Natural Health Products (NHPs)
Want to improve your knowledge of NHPs? Using natural health products can be a good way to maintain or improve your health, but just because a product is natural doesn’t mean it is safe or you to use.
What are natural health products?
Natural health products (NHPs) are naturally occurring substances that are used to restore or maintain good health. They are often made from plants, but can also be made from animals, microorganisms and marine sources. They come in a wide variety of forms like tablets, capsules, tinctures, solutions, creams, ointments and drops.
Natural health products, often called “complementary” or “alternative” medicines, include:
- vitamins and minerals
- herbal remedies
- homeopathic medicines
- traditional medicines like traditional Chinese and Ayurvedic (East Indian) medicines
- other products like amino acids and essential fatty acids
Many everyday consumer products, like certain toothpastes, antiperspirants, shampoos, facial products and mouthwashes are also classified as natural health products in Canada.
Fast fact: 71% of Canadians have used natural health products like vitamins and minerals, herbal products, and homeopathic medicines.
NHPs are used and marketed for a number of health reasons, like the prevention or treatment of an illness or condition, the reduction of health risks, or the maintenance of good health. They must be safe to be used as over-the-counter products. Products needing a prescription are regulated as drugs.
Are there risks to using natural health products?
While natural health products are generally safe and have fewer side effects than medications, they are not risk free. Risks include:
- manufacturing problems (like contamination, incorrect ingredients or dosage)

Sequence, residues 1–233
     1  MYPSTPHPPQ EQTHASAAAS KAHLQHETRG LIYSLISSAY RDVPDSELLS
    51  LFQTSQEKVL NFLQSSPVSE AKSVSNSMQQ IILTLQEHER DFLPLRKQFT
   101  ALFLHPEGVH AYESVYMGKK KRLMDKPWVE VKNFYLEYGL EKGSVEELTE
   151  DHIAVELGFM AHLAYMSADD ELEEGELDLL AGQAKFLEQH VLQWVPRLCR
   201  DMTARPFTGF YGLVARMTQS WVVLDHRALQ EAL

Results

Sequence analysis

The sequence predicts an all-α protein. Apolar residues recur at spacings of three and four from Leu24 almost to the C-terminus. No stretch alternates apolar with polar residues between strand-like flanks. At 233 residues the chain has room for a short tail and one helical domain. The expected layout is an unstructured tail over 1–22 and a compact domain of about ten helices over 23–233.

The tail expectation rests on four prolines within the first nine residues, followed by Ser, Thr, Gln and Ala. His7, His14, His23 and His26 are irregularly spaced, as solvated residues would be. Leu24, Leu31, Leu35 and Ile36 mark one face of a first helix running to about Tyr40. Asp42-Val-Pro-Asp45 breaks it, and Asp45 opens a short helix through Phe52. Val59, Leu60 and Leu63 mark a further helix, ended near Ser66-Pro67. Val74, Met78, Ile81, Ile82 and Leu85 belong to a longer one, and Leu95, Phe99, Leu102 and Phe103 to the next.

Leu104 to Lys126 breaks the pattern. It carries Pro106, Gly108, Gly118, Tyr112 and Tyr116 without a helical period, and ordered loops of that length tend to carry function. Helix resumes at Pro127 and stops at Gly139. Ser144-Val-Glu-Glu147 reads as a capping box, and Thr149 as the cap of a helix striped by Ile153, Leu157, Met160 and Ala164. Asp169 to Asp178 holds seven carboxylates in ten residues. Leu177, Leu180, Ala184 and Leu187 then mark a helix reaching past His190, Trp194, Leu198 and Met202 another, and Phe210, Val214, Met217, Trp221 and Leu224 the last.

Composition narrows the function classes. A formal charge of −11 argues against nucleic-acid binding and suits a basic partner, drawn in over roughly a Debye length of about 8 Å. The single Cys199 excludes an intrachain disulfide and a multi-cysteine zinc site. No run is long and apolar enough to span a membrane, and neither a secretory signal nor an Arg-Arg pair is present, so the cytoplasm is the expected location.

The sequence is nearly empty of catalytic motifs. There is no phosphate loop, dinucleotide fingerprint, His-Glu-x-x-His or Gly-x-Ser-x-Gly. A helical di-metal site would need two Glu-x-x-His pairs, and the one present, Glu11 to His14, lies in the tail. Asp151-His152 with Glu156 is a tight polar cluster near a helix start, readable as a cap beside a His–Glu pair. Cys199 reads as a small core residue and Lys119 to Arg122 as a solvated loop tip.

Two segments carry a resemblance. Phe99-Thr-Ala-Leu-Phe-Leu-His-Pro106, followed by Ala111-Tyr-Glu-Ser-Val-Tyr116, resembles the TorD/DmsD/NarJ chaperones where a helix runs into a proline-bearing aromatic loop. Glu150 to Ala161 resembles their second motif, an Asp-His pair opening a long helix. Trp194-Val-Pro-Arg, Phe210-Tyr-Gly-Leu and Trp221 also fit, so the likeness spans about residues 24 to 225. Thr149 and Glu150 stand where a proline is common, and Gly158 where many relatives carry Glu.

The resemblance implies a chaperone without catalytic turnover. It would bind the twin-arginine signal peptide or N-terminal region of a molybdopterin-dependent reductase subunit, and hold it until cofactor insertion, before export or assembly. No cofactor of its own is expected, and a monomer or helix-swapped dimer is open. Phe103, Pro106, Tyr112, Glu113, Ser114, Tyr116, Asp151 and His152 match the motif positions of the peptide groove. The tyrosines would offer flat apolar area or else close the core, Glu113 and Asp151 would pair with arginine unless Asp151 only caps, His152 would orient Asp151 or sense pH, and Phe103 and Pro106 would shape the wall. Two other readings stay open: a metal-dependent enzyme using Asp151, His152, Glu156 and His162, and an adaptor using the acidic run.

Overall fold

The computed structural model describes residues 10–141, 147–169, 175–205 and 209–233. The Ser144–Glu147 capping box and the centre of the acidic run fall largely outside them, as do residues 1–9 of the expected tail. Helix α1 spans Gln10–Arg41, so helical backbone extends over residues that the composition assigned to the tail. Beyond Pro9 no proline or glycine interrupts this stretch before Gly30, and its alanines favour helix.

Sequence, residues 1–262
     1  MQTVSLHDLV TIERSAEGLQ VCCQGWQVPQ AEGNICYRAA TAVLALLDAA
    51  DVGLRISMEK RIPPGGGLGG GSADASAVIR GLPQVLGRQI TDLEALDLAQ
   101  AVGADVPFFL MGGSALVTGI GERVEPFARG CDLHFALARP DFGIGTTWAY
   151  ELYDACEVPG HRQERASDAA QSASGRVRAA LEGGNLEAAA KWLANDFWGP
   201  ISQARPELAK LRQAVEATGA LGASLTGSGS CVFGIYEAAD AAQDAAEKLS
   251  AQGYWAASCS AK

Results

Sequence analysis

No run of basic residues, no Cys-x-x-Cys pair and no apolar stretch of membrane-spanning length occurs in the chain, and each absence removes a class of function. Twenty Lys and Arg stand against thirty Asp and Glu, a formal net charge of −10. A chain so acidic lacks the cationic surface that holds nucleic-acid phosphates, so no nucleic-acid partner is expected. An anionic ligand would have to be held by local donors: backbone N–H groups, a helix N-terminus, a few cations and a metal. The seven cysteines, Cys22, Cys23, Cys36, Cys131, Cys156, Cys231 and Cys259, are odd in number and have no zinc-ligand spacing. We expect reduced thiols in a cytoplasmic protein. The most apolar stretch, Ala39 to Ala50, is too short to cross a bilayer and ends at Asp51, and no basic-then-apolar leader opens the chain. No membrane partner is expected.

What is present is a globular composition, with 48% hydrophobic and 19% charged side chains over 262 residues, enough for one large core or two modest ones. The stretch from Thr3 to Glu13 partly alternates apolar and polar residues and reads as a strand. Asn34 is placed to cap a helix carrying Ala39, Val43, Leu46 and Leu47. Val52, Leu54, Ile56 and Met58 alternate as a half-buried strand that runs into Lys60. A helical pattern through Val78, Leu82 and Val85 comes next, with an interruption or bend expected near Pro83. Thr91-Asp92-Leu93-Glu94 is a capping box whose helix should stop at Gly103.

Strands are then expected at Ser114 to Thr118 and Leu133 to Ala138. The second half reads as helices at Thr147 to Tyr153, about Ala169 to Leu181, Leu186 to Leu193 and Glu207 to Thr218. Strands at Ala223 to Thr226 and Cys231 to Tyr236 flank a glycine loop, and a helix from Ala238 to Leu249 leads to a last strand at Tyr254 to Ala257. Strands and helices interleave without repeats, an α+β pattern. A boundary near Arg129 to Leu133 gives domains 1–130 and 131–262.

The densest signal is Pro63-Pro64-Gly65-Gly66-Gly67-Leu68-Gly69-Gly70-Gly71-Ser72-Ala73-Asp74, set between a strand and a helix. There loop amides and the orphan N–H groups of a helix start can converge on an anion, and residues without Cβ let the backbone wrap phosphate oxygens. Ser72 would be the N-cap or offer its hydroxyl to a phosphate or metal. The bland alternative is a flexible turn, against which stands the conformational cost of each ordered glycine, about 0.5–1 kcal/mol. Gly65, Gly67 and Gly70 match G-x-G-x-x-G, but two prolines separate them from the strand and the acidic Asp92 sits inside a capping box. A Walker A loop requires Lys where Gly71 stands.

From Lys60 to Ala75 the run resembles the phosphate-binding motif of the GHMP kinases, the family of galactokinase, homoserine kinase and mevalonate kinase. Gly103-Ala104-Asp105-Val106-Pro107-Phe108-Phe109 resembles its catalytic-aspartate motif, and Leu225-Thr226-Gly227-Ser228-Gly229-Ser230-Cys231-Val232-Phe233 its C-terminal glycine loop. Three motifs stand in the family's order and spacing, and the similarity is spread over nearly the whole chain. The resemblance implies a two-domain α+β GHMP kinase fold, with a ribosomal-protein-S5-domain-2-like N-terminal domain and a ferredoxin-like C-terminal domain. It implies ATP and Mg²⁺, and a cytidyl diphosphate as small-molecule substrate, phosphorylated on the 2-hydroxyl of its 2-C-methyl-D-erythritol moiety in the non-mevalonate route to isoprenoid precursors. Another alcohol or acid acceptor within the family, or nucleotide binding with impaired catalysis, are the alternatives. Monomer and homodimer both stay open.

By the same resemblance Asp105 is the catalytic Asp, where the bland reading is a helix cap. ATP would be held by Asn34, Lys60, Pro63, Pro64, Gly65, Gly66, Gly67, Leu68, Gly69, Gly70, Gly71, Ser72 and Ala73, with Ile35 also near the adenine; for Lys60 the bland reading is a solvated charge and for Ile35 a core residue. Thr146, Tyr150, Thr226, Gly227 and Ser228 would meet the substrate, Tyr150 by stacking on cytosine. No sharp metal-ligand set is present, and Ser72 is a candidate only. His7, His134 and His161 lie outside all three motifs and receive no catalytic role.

- unproven claims, which can lead people to use the wrong products for serious conditions or to delay proper treatment
- not enough information for people to make an informed choice (like incorrect instructions or no warnings that a product may not be suitable for certain groups)
- interaction with prescription drugs or other natural health products
- unwanted side effects, like allergic reactions
Fast fact: 12% of Canadians who use natural health products report that they have experienced unwanted side effects (adverse reactions).
Health Canada responded to Canadians’ concerns about these risks by creating the Natural Health Products Regulations in 2004. See What is Health Canada doing to protect me? for more.
How can I use natural health products safely?
Take these steps to minimize your risk:
- Talk to a health care professional like a doctor, pharmacist or naturopath before choosing a product. This is especially important for children, pregnant or breast-feeding women, seniors, and people with serious medical conditions.
- To prevent interactions, make sure your health care provider knows what other drugs and natural health products you are using.
- Use approved products. Look for NPN / DIN-HM numbers that identify licensed products.
- Be skeptical of health-related claims that seem too good to be true. Don’t rely on ads: do your own research and talk to your health care provider.
- Read and follow all instructions on the product label.
- Report unwanted side effects (adverse reactions) to your health care provider and Health Canada.
How do I know if a product has been authorized?
To be licensed in Canada, natural health products must be safe, effective, of high quality and carry detailed label information to let people make safe and informed choices.
You can identify products that have been licensed for sale in Canada by looking for the eight-digit Natural Product Number (NPN) or Homeopathic Medicine Number (DIN-HM) on the label.
A NPN or DIN-HM means that the product has been authorized for sale in Canada and is safe and effective when used according the instructions on the label.
To obtain more information, go to: The Natural Health Products Directorate (NHPD) which has changed its name to the Natural and Non-prescription Health Products Directorate (NNHPD) subsequent to its recently expanded mandate to include the oversight of non-prescription and disinfectant drugs in addition to natural health products (NHPs).